But I strongly disagreed with his assertion that a work is somehow elevated if it’s nearly incomprehensible; that a story can only have merit if it needs a literature professor to explain its themes, ideas, and structure to a room full of confused and bored students.

Sure, I want my stories to make people to stop, think, perhaps question things they hadn’t even considered before, or, if they had, maybe the story enables them to see something familiar through a different lens, changing their perspective, granting them a peek on the other side of the mountain, as it were.  But to accomplish that, I don’t believe I, or any other writer, needs to create a piece that requires a literary road map through which to navigate.



Certainly it is my hope that The Eye-Dancers will prompt readers to step back and think about the very nature of what we term “reality”; to consider the mysterious, even seemingly otherworldly psychic connection two strangers can share; and to wonder at the possibility that we, each of us, are just one piece of an infinite puzzle that includes countless variants of ourselves scattered throughout worlds that parallel our own like invisible, silent shadows.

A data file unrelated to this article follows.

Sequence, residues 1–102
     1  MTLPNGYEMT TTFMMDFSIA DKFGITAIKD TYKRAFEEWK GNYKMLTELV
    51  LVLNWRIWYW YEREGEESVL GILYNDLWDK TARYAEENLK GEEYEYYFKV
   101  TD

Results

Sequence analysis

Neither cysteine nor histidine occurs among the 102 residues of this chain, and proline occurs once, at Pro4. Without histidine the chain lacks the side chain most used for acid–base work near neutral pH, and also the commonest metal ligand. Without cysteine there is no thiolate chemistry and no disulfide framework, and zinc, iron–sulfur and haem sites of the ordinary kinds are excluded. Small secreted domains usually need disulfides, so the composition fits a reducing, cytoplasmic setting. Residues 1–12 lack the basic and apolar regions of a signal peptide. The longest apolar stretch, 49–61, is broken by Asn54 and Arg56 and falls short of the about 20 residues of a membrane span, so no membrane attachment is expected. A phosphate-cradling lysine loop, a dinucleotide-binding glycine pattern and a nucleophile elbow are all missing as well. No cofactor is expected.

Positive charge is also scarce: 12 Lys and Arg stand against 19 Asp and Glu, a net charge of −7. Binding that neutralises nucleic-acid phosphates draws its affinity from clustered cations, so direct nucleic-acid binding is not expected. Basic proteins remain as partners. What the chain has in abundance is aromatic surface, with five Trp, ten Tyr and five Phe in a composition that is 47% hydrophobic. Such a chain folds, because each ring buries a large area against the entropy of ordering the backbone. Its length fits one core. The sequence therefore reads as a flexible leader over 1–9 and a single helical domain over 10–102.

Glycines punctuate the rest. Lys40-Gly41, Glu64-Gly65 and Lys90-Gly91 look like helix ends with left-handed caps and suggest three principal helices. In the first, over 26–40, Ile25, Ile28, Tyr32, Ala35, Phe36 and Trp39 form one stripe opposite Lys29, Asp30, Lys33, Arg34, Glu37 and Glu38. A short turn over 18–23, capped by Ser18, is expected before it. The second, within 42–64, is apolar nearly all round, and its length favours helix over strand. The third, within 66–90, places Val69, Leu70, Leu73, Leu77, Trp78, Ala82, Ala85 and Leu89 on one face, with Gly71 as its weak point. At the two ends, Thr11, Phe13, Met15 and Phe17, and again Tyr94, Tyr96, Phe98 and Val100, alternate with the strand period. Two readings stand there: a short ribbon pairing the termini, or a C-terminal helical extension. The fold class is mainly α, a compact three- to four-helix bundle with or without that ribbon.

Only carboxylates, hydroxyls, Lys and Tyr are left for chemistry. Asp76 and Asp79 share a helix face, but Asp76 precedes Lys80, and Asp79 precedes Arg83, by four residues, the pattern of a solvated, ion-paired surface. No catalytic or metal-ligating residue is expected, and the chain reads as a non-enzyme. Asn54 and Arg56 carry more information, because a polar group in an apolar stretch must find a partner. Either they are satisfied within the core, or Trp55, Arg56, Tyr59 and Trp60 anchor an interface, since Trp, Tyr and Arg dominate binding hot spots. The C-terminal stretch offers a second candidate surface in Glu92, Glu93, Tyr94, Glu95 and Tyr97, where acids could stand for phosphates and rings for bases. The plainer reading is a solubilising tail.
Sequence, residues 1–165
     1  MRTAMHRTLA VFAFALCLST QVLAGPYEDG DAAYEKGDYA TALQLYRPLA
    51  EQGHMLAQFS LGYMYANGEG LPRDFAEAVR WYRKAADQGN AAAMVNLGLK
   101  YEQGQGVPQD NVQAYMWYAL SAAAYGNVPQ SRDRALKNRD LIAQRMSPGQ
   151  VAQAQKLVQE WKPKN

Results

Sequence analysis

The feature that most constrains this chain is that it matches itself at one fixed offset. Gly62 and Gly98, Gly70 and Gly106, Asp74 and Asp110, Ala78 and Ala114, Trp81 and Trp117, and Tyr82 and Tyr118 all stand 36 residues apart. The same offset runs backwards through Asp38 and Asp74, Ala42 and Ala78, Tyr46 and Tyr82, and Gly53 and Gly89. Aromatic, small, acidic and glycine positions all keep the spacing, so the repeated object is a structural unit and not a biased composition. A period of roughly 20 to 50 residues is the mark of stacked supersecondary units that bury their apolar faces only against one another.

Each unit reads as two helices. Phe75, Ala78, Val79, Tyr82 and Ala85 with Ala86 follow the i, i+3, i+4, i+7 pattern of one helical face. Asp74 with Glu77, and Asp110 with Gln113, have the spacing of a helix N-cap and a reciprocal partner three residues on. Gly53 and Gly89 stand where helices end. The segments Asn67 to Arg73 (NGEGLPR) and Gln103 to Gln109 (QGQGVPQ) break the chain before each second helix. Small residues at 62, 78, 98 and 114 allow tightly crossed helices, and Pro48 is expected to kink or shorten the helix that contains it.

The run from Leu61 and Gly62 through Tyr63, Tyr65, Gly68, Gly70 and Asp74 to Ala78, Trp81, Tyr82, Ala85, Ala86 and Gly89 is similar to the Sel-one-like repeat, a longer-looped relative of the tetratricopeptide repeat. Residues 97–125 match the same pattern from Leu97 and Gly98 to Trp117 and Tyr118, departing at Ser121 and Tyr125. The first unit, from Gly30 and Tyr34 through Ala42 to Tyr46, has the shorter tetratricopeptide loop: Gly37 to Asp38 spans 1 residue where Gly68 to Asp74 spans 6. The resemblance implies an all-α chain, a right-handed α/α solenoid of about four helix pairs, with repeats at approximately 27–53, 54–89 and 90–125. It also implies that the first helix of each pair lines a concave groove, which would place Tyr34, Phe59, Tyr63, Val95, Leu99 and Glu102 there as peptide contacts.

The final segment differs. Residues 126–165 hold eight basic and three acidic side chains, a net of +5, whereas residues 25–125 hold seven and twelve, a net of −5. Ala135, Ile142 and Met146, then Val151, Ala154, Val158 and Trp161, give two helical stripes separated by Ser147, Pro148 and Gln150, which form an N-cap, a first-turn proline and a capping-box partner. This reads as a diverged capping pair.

But more than this, it is my hope that readers will relate to the characters, cheer them on, root for them, get swept up in the flow and momentum of the story, and have fun as they read.

When I explained this to John, when I told him I wanted a wide swath of people to enjoy my stories, not just a select few, he simply shook his head and gave me a look that I could only interpret as pure pity.